Mortgages, Cars, Credit Cards Drive Household Debt Higher

US household debt has surged more than 15% in just four years.

US aggregate household debt balances increased for the 12th consecutive quarter in Q2 to $12.84 trillion, a $114 billion (0.9%) increase from Q1, according to The Federal Reserve Bank of New York. Household debt is now 15.1% above what it was just four years ago.

According to the bank’s Quarterly Report on Household Debt and Credit, mortgage, auto, and credit card debt rose 0.7%, 2%, and 2.6%, respectively. There was no change to student loan debt, and a 0.9% decline in balances on home equity lines of credit.

The report uses data from the New York Fed’s Consumer Credit Panel, a nationally representative sample of individual and household debt, and credit records drawn from anonymized Equifax credit data.

Mortgage balances, which make up the largest component of household debt, rose $64 billion from Q1 to $8.69 trillion as of June 30. Balances on home equity lines of credit were relatively unchanged at $452 billion, while non-housing balances were up in Q2. Meanwhile auto loans grew by $23 billion, and credit card balances increased by $20 billion.

The report said the rise in credit card balances is part of a persistent upward movement not seen since 2009.

“While relatively low, credit card delinquency flows climbed notably over the past year,” said Andrew Haughwout, senior vice president at the New York Fed. “The current state of credit card delinquency flows can be an early indicator of future trends, and we will closely monitor the degree to which this uptick is predictive of further consumer distress.”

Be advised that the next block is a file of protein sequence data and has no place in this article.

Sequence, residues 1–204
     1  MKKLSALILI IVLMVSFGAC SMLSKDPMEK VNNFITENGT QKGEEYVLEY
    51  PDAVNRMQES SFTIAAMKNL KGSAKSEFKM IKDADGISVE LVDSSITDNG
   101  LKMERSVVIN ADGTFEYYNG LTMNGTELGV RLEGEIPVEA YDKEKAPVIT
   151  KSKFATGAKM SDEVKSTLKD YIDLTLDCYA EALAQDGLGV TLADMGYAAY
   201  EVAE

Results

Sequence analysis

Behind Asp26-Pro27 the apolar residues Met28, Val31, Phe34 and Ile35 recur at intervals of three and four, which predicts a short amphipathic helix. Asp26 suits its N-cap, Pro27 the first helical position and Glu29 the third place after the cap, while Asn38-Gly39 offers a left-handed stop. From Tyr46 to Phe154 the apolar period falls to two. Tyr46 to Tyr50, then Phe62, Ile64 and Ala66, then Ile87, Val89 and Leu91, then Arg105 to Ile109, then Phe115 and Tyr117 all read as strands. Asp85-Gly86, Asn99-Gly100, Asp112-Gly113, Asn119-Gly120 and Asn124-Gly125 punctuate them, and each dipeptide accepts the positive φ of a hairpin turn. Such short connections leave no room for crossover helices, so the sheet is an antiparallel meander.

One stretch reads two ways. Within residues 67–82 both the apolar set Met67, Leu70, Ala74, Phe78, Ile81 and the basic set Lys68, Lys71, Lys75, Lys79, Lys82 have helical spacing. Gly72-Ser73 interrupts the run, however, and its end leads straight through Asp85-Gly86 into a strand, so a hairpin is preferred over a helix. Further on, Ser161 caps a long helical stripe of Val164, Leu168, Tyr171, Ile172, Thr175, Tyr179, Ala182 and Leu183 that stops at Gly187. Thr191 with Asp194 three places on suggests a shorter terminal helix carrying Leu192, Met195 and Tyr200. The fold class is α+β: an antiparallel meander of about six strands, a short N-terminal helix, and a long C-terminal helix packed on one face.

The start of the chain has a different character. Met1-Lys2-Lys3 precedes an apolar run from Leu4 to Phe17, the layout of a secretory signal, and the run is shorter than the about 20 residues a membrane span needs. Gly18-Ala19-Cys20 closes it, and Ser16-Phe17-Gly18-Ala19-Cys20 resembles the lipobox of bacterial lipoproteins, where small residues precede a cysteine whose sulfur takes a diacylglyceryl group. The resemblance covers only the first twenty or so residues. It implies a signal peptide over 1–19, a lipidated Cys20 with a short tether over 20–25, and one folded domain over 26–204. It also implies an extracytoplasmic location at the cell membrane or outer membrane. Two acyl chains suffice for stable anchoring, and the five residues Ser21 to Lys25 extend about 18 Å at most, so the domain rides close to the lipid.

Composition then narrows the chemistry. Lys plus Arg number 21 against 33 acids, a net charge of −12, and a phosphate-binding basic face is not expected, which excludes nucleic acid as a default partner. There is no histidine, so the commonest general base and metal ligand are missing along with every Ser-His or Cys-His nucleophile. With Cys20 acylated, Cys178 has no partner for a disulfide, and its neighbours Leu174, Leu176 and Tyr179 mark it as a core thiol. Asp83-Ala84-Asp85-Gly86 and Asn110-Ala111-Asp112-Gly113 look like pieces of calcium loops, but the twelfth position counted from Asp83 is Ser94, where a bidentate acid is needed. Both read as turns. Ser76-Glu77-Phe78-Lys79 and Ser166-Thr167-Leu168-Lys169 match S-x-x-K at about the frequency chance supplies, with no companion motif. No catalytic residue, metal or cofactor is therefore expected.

Economists at the Federal Reserve Bank of New York said there were aspects of the household balance sheet that warrant close monitoring, such as a moderate rise in the number of credit cards issued to nonprime borrowers (credit score below 660), as well as an uptick in delinquency transitions for credit card balances.

Some of the major trends cited in the report include:

  • Housing Debt. Mortgage balances increased, originations declined, and the median credit scores of borrowers for new mortgages declined slightly. Mortgage delinquencies improved, while foreclosure notations decreased and remained low by historical standards.
  • Non-Housing Debt. Auto loan balances continued their steady rise from 2011, with an increase in auto loan originations. Median credit scores of borrowers for these new loans declined slightly. Credit card balances increased and the credit card serious delinquency rate remained flat. Outstanding student loan balances were flat, however, Q2 typically has slow or no growth in student loan balances due to the academic cycle.
  • Bankruptcies & Delinquencies. Aggregate delinquency rates were roughly flat again. Bankruptcy notations increased and were approximately the same as the levels seen in Q2 2016. Although low by historical standards, early delinquency flows diminished, with student loans, auto loans, and mortgages seeing moderate increases. Meanwhile, credit card debt transitioning into early and serious delinquencies rose sharply from a year ago.

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